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Tatmadaw forces the NMSP to abandon base

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The Advanced Military Training School No. (4) in Wakali village issued the evacuation order for the NMSP to leave their base. (photo:IMNA)
The Advanced Military Training School No. (4) in Wakali village issued the evacuation order for the NMSP to leave their base. (photo:IMNA)

Min Thu Tha – The Tatmadaw (Burma army) forced the New Mon State Party (NMSP) to evacuate their base this week in Thanbyuzayat Township, Mon state. The NMSP received a warning earlier by Colonel Aung Min, from the Advanced Military Training School No. (4), in Waekalee village, and other senior military officers. Colonel Aung Min had been ordered by the South-East Regional Command to inform the NMSP to move out from their base in Yee Tha Kon village near to the Thanbyuzayat to Three Pagodas Pass (TPP) highway.

One NMSP official that requested anonymity told IMNA they knew about the order before, but took offence to the evacuation that was executed by government soldiers.

The Tatmadaw forced out 25 men from the NMSP base, more from the administration office in Yee Tha Kon village. NMSP officials have complained about the incident to the state government.

“The Yee Tha Kon (base) (same name as village) is located in 3 acres of rubber plantation land that was offered by owners U Kwae and Daw Nyiem more than 15 years. The Tadmadaw now gives a reason for the area that belonged to Yee Tha Kon School, and demands us to move out,” said the NMSP official.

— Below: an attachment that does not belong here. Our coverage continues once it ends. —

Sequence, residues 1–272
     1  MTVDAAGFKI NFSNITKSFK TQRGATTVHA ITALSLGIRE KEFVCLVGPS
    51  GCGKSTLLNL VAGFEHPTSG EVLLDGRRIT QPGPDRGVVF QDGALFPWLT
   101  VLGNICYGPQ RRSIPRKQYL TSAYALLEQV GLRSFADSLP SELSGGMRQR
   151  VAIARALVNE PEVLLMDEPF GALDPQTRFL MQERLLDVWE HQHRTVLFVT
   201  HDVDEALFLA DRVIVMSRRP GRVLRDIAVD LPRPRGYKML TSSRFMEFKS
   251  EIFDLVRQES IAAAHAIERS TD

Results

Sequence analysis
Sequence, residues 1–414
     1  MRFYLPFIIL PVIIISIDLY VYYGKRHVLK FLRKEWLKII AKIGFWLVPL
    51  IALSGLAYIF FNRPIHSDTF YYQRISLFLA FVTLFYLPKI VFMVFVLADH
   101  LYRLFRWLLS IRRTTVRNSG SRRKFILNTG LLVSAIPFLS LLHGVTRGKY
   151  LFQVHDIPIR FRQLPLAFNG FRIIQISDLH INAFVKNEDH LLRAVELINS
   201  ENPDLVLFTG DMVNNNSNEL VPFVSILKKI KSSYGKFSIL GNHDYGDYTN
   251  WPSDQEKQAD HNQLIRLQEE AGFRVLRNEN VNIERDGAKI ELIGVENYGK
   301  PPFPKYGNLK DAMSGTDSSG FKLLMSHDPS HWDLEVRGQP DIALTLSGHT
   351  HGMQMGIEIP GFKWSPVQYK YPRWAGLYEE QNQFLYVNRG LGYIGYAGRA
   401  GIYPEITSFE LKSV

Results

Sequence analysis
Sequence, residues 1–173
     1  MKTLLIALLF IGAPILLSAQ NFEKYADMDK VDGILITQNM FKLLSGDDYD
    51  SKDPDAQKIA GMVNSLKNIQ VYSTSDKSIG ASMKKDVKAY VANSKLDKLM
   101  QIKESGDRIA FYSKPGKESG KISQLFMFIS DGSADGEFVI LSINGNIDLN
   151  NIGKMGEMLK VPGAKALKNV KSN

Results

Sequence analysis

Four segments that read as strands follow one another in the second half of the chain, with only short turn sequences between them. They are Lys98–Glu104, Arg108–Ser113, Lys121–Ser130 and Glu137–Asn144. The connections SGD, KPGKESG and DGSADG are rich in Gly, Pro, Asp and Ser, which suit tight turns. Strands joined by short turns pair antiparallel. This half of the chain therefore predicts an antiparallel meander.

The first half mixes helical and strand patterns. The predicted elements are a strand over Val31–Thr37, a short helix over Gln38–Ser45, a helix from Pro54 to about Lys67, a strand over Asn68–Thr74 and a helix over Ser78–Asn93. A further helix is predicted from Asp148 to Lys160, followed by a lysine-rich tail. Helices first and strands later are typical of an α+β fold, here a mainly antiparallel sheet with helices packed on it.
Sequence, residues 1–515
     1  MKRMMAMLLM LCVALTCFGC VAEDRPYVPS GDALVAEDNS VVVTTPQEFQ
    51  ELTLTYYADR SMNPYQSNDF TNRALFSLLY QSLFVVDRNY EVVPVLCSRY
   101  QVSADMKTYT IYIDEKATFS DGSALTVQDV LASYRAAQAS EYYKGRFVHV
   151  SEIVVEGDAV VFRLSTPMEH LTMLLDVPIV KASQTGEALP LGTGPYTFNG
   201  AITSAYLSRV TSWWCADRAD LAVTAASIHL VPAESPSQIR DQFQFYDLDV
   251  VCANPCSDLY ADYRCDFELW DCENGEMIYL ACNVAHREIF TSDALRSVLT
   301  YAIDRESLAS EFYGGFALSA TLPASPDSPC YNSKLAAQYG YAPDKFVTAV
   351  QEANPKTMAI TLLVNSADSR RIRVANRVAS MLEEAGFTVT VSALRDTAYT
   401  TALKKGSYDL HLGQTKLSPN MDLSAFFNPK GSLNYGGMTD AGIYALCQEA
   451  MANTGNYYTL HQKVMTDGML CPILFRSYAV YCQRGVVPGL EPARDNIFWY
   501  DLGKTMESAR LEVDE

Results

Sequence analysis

The base that was approved by the South-East Regional Command has been in existence since 1998, said the NMSP official. Following the 1995 ceasefire with the then ruling State Law and Order Restoration Council (SLORC) it’s positioning provide stability in the region during the construction of the Thanbyuzayat to TPP highway, part of a larger border development project.

Nai Htun, a rubber plantation worker from Yee Tha Kon village worried that now with NMSP soldiers being dispatched to another base in Ze Hhnint Pin village his community is in danger of theft and extortion at the hands of the Tatmadaw.
Previously, a group of armed bandits have allegedly robbed villagers, according to sources.

One prominent monk from Thanbyuzayat town said the ceasefire that was signed with the government in February 2012 isn’t a lasting resolution to the conflict.

“Ceasefire does not mean peace. It is only agreement that both sides have made not to fire at each other. It can be broken at any time.”

The army wants to test the NMSP, in advance of the government initiated a national wide ceasefire, the monk said.
This wasn’t the first time that the Tatmadaw violated the terms of the ceasefire. In July, soldiers attacked a NMSP post killing two Mon soldiers and later burned down at least 20 homes. However Tuesday’s forced evacuation was the first time since the recent ceasefire was inked that they forced the NMSP at gunpoint to abandon a base.

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